Why do we vomit when we drink too much?
There are two reasons. The first reason is that alcohol can act as a local irritant to the lining of the stomach, causing “gastritis”.
The second reason is that our brain has a “vomiting center”, also known as the “chemoreceptor trigger zone”. It is located in the medulla portion of the brain. When our vomiting center senses a high level of toxins in the blood, such as alcohol, morphine and other drugs, or infectious agents such as a virus that could be bad for us, it initiates emesis, or vomiting.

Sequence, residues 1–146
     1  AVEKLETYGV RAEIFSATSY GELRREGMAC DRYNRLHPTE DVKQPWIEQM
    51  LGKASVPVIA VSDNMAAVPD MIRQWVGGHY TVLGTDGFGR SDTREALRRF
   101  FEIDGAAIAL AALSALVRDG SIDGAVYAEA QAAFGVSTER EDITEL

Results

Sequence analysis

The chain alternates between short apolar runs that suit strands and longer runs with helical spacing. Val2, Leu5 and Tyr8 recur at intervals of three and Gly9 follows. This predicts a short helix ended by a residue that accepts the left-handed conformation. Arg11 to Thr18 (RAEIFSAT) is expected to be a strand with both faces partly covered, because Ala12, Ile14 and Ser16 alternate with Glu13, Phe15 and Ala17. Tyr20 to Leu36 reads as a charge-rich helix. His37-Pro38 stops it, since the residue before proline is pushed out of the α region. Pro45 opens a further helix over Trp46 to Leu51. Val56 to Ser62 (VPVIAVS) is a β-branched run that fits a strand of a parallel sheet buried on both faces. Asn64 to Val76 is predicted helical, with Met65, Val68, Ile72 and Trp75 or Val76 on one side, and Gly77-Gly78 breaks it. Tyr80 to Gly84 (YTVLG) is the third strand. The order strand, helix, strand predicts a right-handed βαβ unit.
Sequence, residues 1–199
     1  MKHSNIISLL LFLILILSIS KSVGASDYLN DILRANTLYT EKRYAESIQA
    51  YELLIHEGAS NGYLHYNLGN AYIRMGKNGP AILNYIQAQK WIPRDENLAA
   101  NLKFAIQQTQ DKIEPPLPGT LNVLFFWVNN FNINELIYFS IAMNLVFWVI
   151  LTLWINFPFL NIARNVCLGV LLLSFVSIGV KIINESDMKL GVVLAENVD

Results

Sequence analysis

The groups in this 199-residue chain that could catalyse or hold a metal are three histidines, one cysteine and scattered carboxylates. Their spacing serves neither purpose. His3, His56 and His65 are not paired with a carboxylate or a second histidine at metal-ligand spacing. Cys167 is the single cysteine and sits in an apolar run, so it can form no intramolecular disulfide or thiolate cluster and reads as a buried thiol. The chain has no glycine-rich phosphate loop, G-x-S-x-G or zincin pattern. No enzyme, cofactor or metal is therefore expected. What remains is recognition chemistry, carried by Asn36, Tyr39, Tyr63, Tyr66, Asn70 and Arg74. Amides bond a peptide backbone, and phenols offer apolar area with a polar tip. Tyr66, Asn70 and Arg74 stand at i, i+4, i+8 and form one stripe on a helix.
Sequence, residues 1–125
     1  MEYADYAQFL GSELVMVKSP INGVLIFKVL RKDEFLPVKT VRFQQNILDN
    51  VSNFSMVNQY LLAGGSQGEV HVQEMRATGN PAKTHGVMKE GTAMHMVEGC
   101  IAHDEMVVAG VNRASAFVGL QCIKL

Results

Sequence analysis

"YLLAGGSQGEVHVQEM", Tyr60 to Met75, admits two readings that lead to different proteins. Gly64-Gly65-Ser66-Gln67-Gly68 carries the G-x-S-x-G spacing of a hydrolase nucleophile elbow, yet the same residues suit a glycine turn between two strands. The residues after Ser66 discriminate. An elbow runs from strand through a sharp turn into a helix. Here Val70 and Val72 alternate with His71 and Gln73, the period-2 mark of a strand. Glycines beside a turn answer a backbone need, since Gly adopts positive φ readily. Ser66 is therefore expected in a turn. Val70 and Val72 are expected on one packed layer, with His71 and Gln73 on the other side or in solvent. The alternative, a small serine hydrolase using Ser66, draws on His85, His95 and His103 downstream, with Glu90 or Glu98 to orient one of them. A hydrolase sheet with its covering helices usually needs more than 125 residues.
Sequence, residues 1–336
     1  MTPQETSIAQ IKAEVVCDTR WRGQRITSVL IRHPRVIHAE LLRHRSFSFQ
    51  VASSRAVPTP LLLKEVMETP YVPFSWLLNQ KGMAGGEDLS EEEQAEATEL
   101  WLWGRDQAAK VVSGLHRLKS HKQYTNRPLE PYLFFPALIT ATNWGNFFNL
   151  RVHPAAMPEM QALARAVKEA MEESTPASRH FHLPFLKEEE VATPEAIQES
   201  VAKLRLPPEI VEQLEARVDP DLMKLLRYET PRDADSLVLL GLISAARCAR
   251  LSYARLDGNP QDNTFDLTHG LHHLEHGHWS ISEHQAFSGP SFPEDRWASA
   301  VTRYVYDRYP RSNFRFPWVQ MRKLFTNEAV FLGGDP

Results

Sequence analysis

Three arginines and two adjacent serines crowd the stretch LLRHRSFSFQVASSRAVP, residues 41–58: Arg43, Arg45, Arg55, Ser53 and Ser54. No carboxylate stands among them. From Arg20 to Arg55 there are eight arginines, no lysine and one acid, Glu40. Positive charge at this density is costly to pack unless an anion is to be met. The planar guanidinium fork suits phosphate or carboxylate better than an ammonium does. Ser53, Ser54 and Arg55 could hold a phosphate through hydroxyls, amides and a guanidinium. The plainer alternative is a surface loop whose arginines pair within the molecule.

The vomiting center is linked to the nervous system including the nerves to the skin, respiratory system, stomach, and the abdominal muscles. When the vomiting center activates our nervous system, we first become pale and sweaty. At the same time, the nerves to the stomach and abdominal muscles cause contractions, and start the act of vomiting.
Your vomiting center can actually save your life! When a very high alcohol level is sensed, the vomiting center protects us by vomiting out whatever alcohol is in the stomach, in an attempt to protect the body from its toxic effects.